About six months after acquiring Qwest CyberSolutions (QCS), enterprise ASP Corio Inc.
appears to be reaping some financial rewards from its $15 million dollar purchase (see Corio Snaps Up Qwest’s ASP Business).
San Carlos, Calif.-based Corio yesterday reported financial results for its fourth quarter (which ended Dec. 31, 2002). Total revenue for the quarter was $17.8 million, up 36 percent from $13.0 million for the same period in 2001. Application management services revenue (i.e, non-professional services) for the quarter was $15.1 million, more than a 60 percent increase both sequentially and compared to same period in 2001 ($9.3 million).
A large chunk of that revenue increase — $8.7 million in the fourth quarter — is related to QCS business. QCS customers also played a big part in generating a nice burst of cash flow in the quarter, Brett White, Corio’s executive vice president and chief financial officer, said during a conference call yesterday.
White said that Corio generated $2 million in cash from operations in Q4 “from successful collection of net accounts receivable from the QCS acquisition and aggressive cash management.” However, White added, “We don’t expect this to repeat in Q1 2003.”
Of course, the flipside is that QCS also accounted for a fair share of expenses. Of the company’s $16 million in expenses related to application management services, $7.4 million are tied to QCS, White said, adding that Corio also incurred an additional $1 million in transition expenses.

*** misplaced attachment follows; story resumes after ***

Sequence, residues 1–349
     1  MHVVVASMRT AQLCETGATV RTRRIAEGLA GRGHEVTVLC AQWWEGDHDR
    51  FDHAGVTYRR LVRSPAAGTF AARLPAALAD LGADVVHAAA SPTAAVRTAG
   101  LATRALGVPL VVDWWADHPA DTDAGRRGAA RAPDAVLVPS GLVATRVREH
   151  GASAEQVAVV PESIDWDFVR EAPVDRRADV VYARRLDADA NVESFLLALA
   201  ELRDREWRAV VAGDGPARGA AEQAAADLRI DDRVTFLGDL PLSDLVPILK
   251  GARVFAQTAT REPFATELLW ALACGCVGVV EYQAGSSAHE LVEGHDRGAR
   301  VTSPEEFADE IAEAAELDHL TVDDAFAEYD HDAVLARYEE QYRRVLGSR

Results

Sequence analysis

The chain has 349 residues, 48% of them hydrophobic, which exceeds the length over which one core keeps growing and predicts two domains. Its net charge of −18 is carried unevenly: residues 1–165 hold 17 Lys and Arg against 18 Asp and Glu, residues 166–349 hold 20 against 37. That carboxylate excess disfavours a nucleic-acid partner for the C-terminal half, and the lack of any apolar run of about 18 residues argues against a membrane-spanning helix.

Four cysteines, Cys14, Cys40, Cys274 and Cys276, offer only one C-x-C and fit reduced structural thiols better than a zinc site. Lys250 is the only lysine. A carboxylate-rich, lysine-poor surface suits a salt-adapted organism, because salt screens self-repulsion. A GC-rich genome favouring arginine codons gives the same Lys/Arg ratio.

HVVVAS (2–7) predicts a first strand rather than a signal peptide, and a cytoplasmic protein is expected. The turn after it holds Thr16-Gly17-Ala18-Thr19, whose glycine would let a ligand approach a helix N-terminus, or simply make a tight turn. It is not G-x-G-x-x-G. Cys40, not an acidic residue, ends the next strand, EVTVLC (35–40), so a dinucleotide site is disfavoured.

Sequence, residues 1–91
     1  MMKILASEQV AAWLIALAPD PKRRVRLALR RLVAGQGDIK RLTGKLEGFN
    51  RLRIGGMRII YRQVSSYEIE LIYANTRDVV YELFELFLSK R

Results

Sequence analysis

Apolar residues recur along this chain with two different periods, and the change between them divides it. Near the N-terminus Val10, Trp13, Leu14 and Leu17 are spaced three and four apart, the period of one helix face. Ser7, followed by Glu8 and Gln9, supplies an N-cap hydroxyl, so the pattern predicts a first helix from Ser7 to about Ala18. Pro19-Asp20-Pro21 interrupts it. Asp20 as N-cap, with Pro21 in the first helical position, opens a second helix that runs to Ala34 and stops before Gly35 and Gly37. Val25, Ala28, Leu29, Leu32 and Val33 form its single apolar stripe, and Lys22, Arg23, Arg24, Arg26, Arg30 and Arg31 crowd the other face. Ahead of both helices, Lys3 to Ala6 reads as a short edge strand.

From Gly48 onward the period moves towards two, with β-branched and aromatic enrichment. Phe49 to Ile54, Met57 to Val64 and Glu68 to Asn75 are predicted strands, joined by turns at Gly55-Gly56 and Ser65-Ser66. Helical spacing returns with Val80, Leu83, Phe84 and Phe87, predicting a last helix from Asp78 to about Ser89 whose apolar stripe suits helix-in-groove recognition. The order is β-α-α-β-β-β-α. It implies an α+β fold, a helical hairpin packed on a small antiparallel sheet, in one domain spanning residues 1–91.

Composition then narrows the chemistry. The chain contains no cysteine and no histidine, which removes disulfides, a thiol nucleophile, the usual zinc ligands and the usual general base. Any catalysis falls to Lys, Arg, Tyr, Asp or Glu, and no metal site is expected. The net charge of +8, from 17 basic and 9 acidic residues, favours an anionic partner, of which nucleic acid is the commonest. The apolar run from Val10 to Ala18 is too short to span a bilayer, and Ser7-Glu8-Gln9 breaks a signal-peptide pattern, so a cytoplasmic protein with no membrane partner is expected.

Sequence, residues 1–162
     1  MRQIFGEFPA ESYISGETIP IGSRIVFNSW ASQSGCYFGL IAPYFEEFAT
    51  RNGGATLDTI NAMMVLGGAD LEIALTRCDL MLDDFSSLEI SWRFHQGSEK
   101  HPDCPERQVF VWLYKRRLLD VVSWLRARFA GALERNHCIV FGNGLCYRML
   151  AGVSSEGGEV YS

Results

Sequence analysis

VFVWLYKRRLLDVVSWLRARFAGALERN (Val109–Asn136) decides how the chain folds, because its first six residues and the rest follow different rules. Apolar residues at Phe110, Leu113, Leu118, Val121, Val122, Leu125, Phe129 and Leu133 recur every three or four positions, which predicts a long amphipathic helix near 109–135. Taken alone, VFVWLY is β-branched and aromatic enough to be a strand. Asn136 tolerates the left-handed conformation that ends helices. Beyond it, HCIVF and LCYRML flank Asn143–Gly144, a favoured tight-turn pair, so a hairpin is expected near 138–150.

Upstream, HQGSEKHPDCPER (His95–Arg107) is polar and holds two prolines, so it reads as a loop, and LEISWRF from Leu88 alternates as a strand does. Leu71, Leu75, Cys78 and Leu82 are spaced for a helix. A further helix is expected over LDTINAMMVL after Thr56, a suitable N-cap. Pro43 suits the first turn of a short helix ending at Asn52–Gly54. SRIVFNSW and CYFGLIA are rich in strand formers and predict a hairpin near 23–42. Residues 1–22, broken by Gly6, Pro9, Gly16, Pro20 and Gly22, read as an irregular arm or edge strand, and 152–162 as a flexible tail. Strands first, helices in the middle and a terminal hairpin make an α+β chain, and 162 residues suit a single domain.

Don’t expect to hear much more talk about QCS in coming quarters. “We’re done with transition costs for QCS and have stopped viewing it a separate business.”
Corio’s chairman, president and CEO George Kadifa concurred, saying “We expect a dip in expenses in the coming quarter. We have completed the QCS integration, so all the expenses have been in Q3 and Q4.”
With QCS now woven into the company’s fabric, Kadifa said that Corio can focus on “our path to profitability,” which it expects to reach in the latter part of 2003. “We have a laser focus on achieveing EDITDA profitability and a cash-flow positive position in 2003,” Kadifa said.
For the first quarter of 2003, Kadifa said, Corio expects revenues to be between $17.5 and $18.5 million, with an EBITDA loss of in the $1 to $2 million range.
“There’s good demand out there,” Kadifa said, referring to Corio’s current sales pipeline. “Q1 is very encouraging, much better than the Q1 pipeline last year.”
While acknowledging the need to translate that demand into customers, Kadifa is not worried about competition coming from other ASPs. “In terms of pureplay ASPs, we are basically it at this stage. We have a very strong presence and our win rate is very high.”
The competition Corio faces, Kadifa said, comes more from systems integrators, outsourcers and, occasionally, software companies.
Articulating the value of the ASP model may be an easier conversation to have now than it was when Corio started more than three years ago, but it’s a argument that the company still has to make. “We have to prove to people we can deliver value in a superior way than they can do on their own.”
Corio is listed by ASPnews as a Top 20 Service Provider.
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